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'Southland' cursing: Bring on the bleeps

Why the new Ben McKenzie cop show will be airing bleeped-out foul language, rather than omitting it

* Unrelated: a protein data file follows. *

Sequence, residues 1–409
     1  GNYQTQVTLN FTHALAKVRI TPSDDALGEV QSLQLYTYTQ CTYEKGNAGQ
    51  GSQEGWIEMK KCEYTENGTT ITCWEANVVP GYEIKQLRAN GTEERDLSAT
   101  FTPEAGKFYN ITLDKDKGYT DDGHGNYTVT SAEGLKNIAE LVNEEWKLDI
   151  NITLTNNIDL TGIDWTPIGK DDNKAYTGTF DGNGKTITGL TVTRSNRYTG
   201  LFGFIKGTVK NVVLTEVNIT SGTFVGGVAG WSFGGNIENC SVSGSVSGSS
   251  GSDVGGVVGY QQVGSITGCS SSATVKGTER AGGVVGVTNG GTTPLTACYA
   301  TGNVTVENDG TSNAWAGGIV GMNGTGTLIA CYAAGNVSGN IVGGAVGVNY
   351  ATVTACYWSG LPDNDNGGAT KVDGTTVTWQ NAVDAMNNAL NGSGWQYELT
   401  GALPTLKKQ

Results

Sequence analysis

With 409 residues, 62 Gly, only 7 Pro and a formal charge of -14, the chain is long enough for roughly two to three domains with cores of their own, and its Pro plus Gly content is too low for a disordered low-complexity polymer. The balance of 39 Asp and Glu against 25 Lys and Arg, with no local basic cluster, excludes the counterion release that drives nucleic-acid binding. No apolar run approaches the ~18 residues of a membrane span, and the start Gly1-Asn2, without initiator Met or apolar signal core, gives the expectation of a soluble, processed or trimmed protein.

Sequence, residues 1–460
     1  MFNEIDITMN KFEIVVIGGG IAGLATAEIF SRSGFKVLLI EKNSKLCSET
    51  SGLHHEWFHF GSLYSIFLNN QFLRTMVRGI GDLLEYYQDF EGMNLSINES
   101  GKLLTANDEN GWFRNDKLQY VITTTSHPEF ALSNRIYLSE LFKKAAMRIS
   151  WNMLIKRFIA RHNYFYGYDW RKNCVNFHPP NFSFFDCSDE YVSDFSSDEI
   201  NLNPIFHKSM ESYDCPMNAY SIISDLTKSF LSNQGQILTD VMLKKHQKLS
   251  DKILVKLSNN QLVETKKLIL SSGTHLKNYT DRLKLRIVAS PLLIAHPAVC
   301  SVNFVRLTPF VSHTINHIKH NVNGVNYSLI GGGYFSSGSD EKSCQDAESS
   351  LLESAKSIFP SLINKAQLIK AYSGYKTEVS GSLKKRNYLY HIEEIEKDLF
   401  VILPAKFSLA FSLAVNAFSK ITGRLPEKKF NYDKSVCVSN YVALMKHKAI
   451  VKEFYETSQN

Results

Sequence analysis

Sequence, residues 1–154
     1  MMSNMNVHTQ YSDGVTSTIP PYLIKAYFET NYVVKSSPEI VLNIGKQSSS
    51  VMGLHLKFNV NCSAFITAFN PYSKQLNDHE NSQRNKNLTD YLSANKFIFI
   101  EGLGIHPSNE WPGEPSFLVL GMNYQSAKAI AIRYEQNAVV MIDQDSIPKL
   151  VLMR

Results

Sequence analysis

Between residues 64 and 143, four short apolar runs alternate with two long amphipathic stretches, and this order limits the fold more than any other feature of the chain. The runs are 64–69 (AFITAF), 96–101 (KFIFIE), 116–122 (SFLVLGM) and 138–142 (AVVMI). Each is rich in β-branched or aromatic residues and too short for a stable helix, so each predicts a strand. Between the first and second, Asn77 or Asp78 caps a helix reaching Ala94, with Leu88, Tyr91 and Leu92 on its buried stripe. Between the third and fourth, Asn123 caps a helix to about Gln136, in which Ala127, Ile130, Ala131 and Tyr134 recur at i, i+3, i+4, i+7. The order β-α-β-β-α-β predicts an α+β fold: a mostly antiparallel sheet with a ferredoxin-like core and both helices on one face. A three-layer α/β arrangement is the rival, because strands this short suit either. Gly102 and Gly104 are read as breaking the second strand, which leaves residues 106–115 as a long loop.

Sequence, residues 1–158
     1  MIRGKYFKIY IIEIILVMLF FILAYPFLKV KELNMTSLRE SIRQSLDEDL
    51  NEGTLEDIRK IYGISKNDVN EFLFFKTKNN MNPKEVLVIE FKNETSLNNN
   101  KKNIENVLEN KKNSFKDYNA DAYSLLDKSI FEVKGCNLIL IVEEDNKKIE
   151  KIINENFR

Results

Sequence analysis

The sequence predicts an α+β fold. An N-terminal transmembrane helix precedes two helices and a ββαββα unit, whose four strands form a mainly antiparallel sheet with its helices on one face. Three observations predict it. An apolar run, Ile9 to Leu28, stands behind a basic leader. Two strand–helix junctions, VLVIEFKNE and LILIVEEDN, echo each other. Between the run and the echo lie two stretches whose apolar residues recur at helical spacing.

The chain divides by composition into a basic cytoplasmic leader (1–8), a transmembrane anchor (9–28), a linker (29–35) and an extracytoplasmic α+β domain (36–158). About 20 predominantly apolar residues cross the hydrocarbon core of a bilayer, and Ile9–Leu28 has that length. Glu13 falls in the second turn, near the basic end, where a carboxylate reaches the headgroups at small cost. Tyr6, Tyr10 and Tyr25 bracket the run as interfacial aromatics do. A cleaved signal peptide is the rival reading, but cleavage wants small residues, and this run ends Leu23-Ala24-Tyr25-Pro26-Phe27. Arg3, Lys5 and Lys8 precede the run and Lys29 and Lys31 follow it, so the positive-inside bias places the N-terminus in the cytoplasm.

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Like most cop dramas, NBC’s Southland features a predictable parade of characters, from the know-it-all badge-brandishing vets to the wide-eyed rookie. But the show’s April 9 premiere did come with a few surprises — eight, to be exact. That’s the number of times the execs chose to air foulmouthed characters’ bleeped-out lines. And fans of the Ben McKenzie project produced by John Wells (ER) had better get used to the censoring sound effect. ”This is a realistic portrayal of police officers,” says Mitch Metcalf, the network’s chief of scheduling. ”We’re not sanitizing it, but we’re still making it appropriate for network TV. I think it’s the right way to handle it.” It’s not like they have a choice. The Shield — FX’s highly acclaimed (and unregulated) series — may have set a new standard for the police genre with its trademark gritty realism, but NBC could face FCC fines if it dares to drop S-bombs like Vic Mackey did. Though Southland airs on the coasts at 10 p.m. (considered an indecency safe harbor on broadcast TV because kids are most likely not in the audience), it’s in the highly monitored 9 p.m. slot in the Central time zone. ”We don’t want to be excessive about [the swearing],” says Metcalf. ”But I think it helps to portray the real-life action while still remembering our role as broadcasters.”